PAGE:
I have 2,732 songs in my iTunes library — and that number grows every day. What’s more, some of the songs and albums are pretty obscure stuff. That’s why I find TuneUp from TuneUp Media (http://www.tuneupmedia.com/index.php) a very useful product.
It’s a plug-in for iTunes that analyzes your iTunes library to tell you how clean or dirty it is. And by that I’m not referring to those songs with explicit lyrics. No, “dirty” tunes in TuneUp parlance are “mislabeled” tunes. In other words, those vague Track 01, Track 02, etc. items you probably have in your song collection.
TuneUp’s Clean feature lets you repair your mislabeled song info. You can do it by hand, but that’s the long, laborious and hair-pulling inducing way to do it. With TuneUp, click the spray bottle icon. Select mislabeled tracks from iTunes and drag and drop them into TuneUp.
Check your matches. If you don’t like the results, you can customize your Preferences. Then save the matches by clicking the floppy disk icon or “Save All.” If you then notice you’ve made a mistake, not to worry. There’s an Undo button. Once the process is completed, you’ll have no unnamed artists or artists with two different, or slightly different names (such as Beyonce or Beyoncé). You’ll also be blessed with consistent track numbers and other helpful info, such as the year a song and/or album was released.
How does it work? TuneUp identifies songs by taking clues from information you’ve embedded in your music, as well as sampling the song’s digital fingerprint. It looks for a match to those clues in a database of songs maintained by Sony’s Gracenote. In addition to replacing missing metadata, TuneUp also displays information on each artist from Wikipedia, music videos from YouTube and concert information through retail ticket outfits like TicketMaster and StubHub.
TuneUp is thorough. I dragged an obscure Elton John track called “Snow Queen” onto the spray bottle icon, and TuneUp correctly matched it with a compilation album called “Flip It Over.” I played another Elton John track, “Talking Old Soldiers,” and TuneUp pulled up a bio of Elton John and some links to a couple of videos of him performing the song.
The Cover Art feature automatically fills in missing album artwork. Launch it by clicking on the album cover icon, and TuneUp will immediately scan your entire music collection for missing artwork. The software looks at the Artist and Album fields to find cover art for your music, so make sure your music has been Cleaned first.
Cover Art shows you the album art it’s found. Hover over each result to view the image resolution. Select your preferred album cover and click Save. Select “Save All” to apply the first album cover result for all albums. Again, TuneUp was very adept at its job. There was no missing album art it didn’t find.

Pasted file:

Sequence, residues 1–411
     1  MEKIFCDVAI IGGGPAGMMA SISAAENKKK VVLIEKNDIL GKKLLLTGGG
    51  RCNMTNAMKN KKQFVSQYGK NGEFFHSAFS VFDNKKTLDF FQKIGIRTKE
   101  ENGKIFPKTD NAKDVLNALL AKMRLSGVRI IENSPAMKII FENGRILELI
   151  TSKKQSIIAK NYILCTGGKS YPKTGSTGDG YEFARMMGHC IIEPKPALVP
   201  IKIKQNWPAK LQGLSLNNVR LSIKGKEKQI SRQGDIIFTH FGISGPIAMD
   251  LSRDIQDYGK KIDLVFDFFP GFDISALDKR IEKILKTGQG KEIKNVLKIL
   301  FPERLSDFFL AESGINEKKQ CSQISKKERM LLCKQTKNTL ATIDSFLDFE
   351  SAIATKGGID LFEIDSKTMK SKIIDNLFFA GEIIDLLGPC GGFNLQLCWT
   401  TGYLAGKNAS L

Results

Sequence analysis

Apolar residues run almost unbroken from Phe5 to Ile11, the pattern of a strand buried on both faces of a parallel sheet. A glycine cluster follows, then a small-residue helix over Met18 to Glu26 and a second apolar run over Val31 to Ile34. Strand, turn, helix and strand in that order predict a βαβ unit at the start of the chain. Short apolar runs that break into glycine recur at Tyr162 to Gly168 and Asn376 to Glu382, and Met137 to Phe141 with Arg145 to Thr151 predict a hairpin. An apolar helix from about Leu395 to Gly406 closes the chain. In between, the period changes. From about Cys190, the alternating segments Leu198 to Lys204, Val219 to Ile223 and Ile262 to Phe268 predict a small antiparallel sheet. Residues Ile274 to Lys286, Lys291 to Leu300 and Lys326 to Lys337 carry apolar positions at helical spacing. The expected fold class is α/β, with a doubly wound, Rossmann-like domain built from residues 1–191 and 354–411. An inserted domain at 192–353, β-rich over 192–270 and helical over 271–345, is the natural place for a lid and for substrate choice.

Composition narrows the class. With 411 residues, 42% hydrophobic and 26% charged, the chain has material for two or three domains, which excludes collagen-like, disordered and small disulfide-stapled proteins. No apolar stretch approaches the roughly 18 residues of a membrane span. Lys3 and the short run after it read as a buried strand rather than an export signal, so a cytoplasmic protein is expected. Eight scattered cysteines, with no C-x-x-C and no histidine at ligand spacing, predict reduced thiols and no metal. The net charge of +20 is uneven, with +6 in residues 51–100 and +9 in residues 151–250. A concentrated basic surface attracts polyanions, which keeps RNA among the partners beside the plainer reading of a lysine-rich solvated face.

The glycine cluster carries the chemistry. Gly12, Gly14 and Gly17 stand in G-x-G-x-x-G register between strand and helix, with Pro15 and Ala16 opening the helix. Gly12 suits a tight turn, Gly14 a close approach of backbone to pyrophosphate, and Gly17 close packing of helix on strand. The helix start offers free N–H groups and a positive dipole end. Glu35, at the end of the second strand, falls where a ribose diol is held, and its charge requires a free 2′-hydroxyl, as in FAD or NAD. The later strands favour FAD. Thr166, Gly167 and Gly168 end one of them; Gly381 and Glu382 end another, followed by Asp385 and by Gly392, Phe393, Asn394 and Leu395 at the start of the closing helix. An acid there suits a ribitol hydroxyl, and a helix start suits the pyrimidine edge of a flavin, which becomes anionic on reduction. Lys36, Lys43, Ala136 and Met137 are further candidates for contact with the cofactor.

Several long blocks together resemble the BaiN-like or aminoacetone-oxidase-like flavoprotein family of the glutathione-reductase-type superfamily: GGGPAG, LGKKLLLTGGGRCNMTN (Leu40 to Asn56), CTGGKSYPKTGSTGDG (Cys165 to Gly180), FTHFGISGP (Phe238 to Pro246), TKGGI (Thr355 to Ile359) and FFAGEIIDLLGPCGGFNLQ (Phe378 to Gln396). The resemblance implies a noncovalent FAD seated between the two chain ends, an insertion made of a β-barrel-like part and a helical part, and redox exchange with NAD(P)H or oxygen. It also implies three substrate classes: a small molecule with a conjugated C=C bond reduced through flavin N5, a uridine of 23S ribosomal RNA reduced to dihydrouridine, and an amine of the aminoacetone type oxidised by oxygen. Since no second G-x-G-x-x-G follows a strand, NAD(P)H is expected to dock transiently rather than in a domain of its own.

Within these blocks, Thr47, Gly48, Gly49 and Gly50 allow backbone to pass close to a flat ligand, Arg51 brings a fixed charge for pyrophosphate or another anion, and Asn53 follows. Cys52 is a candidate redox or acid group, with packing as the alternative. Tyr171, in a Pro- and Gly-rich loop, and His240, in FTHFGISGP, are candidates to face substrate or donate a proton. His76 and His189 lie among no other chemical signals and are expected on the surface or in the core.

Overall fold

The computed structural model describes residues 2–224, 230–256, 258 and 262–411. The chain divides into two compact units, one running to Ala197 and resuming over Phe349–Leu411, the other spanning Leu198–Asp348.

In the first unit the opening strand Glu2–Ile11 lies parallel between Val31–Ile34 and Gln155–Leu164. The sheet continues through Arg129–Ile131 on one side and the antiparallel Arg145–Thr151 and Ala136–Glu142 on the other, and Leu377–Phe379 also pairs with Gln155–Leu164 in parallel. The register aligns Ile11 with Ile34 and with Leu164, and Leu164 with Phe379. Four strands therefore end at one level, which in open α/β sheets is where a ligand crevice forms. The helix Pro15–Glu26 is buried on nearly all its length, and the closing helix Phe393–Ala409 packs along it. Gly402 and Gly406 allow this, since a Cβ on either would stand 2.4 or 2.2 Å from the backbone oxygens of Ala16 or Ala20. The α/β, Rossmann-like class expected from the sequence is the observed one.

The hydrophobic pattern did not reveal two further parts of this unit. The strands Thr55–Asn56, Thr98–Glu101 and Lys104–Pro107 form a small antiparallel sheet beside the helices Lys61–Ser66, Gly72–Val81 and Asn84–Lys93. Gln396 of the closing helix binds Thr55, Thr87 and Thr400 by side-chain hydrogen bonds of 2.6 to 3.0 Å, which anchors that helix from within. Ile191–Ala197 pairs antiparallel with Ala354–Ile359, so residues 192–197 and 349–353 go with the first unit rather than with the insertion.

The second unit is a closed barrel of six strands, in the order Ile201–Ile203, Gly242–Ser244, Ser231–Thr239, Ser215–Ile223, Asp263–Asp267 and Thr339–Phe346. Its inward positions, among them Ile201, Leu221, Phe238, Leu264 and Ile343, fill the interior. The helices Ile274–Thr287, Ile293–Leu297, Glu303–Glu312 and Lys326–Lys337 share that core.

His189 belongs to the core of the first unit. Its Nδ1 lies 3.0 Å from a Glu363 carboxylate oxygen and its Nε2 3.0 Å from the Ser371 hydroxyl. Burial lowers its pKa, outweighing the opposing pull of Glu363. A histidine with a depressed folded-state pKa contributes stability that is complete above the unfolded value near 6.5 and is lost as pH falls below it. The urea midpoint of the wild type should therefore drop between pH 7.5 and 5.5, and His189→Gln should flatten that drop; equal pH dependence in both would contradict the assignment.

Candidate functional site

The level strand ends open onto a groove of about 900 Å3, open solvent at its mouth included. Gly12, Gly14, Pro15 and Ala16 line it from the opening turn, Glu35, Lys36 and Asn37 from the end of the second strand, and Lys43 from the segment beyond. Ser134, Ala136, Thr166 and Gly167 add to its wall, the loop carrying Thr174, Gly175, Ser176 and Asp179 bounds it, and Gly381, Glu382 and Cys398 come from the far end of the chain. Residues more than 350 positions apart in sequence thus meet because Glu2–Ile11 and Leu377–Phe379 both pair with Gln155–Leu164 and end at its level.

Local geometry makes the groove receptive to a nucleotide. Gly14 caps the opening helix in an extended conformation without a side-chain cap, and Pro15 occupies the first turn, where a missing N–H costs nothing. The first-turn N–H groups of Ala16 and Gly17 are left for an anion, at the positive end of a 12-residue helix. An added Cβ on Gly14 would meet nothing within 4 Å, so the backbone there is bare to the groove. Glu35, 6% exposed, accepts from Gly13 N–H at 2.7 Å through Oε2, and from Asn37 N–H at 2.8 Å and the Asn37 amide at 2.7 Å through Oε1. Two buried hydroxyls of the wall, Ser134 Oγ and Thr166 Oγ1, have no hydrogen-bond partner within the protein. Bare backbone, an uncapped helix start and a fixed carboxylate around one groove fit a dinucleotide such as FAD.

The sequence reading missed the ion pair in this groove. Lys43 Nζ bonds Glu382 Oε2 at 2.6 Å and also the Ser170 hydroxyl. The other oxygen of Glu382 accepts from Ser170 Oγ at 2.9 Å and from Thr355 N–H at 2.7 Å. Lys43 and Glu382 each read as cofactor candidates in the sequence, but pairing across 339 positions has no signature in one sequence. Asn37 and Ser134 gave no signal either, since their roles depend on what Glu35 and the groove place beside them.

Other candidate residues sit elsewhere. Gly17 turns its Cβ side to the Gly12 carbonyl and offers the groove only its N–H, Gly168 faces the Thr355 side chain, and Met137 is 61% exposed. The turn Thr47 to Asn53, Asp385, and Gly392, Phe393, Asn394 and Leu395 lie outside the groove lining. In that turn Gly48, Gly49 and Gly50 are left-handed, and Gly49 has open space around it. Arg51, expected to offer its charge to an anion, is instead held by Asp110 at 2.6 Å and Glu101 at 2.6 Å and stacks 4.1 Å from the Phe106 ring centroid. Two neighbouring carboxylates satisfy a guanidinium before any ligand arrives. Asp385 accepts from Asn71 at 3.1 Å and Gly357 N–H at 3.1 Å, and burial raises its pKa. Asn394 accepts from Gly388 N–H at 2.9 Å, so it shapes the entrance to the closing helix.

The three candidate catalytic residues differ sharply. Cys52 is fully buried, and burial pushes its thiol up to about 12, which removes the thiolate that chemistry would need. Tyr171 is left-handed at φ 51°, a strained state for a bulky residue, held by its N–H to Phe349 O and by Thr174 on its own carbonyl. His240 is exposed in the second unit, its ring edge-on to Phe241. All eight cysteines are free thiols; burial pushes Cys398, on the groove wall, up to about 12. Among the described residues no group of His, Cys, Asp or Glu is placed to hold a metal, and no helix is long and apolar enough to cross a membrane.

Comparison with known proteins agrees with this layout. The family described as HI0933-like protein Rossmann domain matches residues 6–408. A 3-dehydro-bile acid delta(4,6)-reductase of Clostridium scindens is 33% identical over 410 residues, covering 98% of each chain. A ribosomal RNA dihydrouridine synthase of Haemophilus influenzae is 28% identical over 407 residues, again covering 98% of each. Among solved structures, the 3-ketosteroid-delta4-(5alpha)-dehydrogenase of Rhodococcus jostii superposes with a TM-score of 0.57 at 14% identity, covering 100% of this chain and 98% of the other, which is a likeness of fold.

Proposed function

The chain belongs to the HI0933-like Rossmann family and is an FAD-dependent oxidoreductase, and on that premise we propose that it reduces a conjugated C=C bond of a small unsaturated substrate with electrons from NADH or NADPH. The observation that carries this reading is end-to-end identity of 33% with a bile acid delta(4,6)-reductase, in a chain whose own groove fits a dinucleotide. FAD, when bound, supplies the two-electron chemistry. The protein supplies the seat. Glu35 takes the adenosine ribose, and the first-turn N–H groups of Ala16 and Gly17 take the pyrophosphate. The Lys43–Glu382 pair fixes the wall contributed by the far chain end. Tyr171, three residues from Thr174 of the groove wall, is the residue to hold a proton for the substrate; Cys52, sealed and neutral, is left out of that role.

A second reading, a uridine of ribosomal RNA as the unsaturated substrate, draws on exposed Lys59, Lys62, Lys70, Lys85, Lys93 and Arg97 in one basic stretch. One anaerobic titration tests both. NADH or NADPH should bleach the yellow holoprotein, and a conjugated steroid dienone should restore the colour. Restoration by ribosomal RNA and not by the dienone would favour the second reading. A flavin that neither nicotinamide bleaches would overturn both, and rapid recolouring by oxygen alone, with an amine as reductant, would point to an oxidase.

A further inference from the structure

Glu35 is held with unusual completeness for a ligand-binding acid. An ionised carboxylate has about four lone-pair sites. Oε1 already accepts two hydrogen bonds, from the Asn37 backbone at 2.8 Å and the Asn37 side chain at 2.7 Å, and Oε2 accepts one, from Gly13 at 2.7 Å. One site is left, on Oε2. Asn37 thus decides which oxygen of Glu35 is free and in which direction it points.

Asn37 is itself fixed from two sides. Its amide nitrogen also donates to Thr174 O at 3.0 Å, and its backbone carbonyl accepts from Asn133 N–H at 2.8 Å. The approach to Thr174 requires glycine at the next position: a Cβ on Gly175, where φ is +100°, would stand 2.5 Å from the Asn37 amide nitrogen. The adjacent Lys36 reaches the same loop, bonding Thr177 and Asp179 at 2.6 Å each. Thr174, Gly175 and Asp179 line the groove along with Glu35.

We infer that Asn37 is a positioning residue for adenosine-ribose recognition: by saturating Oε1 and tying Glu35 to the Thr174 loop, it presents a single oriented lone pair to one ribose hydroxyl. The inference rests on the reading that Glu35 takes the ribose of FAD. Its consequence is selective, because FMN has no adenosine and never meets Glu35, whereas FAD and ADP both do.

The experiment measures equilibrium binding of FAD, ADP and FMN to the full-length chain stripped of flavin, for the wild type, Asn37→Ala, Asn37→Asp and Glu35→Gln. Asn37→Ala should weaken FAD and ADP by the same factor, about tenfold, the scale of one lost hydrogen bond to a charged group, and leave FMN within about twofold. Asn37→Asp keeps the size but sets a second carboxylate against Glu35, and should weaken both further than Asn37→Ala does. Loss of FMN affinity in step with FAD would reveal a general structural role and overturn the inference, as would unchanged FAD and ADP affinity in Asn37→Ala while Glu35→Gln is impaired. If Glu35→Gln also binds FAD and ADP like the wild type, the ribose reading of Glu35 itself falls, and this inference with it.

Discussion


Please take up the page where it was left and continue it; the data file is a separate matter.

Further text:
TuneUp also has a Tuniverse feature that “lets you get the best-music related content on the web” and is contextualized around what you’re listening to. All you have to do is play a song in iTunes or WMP and Tuniverse does the rest. I find I don’t use this feature that much (but then I don’t use iTunes’ Ping social feature either).
But you may love Tunivers. With it you can: watch music videos from YouTube; read artist bios from Wikipedia; buy merchandise from eBay; get song and album recommendations from Amazon; and tweet out what’s currently playing in your music library.
TuneUp’s Concerts feature — which you launch by clicking the ticket icon — will scan through your entire music collection for artists coming to your area. When you’re given results, click on the artist name to visit the page for that show on Jambase. You can click the Twitter logo to tweet out that concert and/or click the StubHub and/or Ticketmaster icons to buy tickets.
TuneUp’s Share lets you send the latest stats about your music collection to your social network. Launch Share by clicking the megaphone icon and TuneUp will gather the latest stats about your music library. You can share any of your stats with your Facebook friends by clicking Share (you might need to log in and grant permission first). I find that I use this feature a bit more than Tuniverse, as I am on Facebook occasionally.
If, if it were just the Share and Tuniverse features, I could leave TuneUp. But its analyzing and cleaning aspects make it a valuable iTune plug-in for me. Unless you have a perfectly organized iTunes library, you may find it very useful as well.
One note: if you have a massive iTunes library, it may take TuneUp a while to do its job. The folks at TuneUp Media suggests cleaning 500 songs at a time; it takes about 2-3 seconds to “clean” a song. You can do more, but you might want to let TuneUp do its work overnight or while you go to a movie.
There are two versions. TuneUp Gold is US$29.95 and TuneUp Annual is $19.95.TuneUp Gold is an unlimited license good for the life of the machine with one transfer. TuneUp Annual is a yearly subscription; licensing is good for one year, and you’ll need to renew it to extend past that. Also, TuneUp Media is running 20% off through the end of February with the promo code MACWORLD2011 .
Rating: 9 out of 10
— Dennis Sellers